It is time to document one of my older projects, which I finished on a working state around ~5 years ago. The project in question makes an old Roland EGX-30 engraver accept a reasonable subset the very common machining language ‘g-code’ so it can be used for interesting tasks like milling PCBs.

Project source code available on BitBucket. egxmake is the tool described on this post.

Motivation

At my University there was available an electronics workshop with most tools you would need to design, test and make electronics porojecs, stuff like discrete components, protoboards, scopes, logic analyzers and more. Among the tools there was “the” disappointment, a desktop engraver purchased with the promise of being able to mill PCBs but in the end the available software was just not enough nor precise enough to make circuit boards even though the machine itself was more than capable for the task.

The electronics department head at the time essentially gave me open access to the lab to “do as I please” under the promise of making that machine mill printed circuit boards once and for all.

…Challenge accepted!

The machine itself

The machine was a Roland EGX-30 desktop engraver, a 2.5 axis CNC mill with a parallel port and a serial port connection. The target use cases are plastic engraving and cutting.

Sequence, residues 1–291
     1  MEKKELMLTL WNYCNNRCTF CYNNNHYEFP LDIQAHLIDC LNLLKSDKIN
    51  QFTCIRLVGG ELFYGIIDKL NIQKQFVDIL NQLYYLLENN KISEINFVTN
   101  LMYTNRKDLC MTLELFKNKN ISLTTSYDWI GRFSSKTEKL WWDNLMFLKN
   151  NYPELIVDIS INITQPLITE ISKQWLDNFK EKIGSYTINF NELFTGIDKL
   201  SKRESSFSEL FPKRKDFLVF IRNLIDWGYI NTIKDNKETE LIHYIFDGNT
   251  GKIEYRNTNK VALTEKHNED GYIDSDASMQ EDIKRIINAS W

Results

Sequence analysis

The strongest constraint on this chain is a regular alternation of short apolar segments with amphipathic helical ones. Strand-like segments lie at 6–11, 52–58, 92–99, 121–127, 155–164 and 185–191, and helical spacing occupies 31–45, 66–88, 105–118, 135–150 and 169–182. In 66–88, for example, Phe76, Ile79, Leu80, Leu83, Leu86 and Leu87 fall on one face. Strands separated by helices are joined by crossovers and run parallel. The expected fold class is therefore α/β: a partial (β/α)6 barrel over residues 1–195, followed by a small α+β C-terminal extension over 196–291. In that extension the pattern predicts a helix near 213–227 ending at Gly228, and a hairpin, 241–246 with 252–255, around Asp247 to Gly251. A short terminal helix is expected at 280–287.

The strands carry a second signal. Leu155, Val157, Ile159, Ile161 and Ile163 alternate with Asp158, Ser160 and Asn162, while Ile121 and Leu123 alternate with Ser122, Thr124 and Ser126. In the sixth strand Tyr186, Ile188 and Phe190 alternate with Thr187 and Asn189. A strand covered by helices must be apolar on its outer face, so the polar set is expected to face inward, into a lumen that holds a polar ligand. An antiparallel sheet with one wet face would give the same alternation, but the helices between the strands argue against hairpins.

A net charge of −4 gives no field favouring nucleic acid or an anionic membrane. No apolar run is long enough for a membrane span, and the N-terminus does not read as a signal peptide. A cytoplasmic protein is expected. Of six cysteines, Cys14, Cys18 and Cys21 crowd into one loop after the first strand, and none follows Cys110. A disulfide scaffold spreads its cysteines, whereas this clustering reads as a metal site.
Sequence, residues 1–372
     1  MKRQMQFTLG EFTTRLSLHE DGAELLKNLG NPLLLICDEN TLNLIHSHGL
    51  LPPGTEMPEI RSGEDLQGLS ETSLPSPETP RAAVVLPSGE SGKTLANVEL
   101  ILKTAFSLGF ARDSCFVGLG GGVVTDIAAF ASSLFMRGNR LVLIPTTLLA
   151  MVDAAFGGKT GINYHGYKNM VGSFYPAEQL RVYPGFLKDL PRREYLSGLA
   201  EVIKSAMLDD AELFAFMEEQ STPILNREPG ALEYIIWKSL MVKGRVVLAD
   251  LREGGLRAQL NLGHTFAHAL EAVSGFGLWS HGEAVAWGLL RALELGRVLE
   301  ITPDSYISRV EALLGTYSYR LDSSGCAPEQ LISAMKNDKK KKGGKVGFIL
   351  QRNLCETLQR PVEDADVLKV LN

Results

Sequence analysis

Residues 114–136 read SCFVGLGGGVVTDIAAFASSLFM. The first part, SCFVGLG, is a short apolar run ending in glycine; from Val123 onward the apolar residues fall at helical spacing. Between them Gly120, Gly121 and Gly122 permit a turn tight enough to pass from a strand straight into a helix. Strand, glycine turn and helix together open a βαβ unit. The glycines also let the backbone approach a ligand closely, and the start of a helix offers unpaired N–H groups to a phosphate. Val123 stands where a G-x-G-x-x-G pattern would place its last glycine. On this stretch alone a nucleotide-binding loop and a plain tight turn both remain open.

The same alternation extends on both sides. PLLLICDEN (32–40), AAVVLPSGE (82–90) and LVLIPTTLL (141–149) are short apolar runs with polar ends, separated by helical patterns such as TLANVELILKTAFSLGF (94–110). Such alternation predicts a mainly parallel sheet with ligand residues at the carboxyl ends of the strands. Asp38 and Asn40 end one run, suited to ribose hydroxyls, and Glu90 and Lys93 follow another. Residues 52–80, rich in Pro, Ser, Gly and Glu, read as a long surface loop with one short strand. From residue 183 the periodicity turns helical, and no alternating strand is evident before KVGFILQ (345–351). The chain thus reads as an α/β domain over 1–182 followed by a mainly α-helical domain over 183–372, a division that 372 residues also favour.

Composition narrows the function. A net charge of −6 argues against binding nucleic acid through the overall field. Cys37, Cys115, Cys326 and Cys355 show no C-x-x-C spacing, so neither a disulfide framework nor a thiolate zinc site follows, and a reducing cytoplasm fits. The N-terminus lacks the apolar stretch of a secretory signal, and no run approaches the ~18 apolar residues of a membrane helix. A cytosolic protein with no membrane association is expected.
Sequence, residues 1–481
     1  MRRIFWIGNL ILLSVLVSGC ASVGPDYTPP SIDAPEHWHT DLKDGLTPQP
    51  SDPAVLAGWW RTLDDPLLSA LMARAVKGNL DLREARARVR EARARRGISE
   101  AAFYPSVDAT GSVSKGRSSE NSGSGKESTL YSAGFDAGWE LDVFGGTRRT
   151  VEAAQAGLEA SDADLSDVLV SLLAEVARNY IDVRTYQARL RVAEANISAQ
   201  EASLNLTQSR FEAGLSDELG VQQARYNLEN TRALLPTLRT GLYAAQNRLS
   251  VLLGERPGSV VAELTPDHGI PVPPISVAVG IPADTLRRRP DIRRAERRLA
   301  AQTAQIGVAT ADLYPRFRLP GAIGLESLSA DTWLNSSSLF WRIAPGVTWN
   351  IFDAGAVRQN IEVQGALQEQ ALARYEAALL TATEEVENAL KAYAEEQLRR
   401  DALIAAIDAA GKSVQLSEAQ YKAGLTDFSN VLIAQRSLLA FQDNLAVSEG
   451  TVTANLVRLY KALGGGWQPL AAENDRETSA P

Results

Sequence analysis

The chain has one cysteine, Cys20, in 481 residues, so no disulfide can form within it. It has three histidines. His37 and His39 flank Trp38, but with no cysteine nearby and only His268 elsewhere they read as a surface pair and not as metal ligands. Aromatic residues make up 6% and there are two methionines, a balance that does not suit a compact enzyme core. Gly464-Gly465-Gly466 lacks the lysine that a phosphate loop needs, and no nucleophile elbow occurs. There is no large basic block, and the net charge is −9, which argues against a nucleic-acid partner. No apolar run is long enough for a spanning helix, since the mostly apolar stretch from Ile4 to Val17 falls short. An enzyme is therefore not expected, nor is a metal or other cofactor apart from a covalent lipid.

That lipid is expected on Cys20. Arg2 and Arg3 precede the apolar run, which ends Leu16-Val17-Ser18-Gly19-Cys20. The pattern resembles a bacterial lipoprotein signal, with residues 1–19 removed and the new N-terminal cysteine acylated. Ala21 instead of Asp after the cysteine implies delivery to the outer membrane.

Roland EGX-30

The X/Y axis have a decent tenth of milimeter error but the Z axis full-up or full-down, hence the 2.5 axis concept.Toll can either be a rotary tool or a non-rotary scoring head (diamond cutter) with a mode selection on the machine.

The machining language

Unlike most recent mills, the EGX-30 does not understand g-code, instead it uses a subset of the CAMM-GL instruction set, these instructions allows to configure some aspects of the machine like axis-speed and spin-up times, and of course it allows moving the tool around and lifting/downing the machining tool.

CAMM-GL anf g-code are pretty similar, with the caveat of this machine only supporting 2.5 axis and that most of the CAMM-GL commands will actually make the machine just stop. Roughly, the command mapping looks as follows.

|--------------------------------+---------+------------------|
| Description                    | CAMM-GL | g-code           |
|:-------------------------------|:-------:|:----------------:|
| Tool down                      | PD      | G00 (positive Y) |
| Tool up                        | PU      | G00 (negative Y) |
| Position tool (raised)         | PU      | G00, G01         |
| Mill path                      | PD      | G04, G01         |
| Tool RPM                       | [none]  | Sxx              |
| Feed rate/Linear speed         | VS      | G01 (F argument) |
|--------------------------------+---------+------------------|

Making a translator for this should be easy, right?

Recompiling g-code into CAMM-GL

While a quick program was set up using regex parsing, the result was not robust at all. Valid g-code programs would crash the translation process so it was decided a proper parser shall be built. The result was a python program implementing a recursive descent parser of g-code, which allows converting commands with arbitrary argument lengths and conveniently ignoring any unknown tokens if found.

The result

The resulting program allowed me to get a gerber file set, convert it to g-code using pcb2gcode then use my own recompiler to convert the g-code into CAMM-GL so it can be fed to the EGX-30 engraver.

The following video, recorded with a cheap cam is the only remaining good enough video of the milling process using files generated by this recompiler. Pardon the sub-par video quality and the speed-up.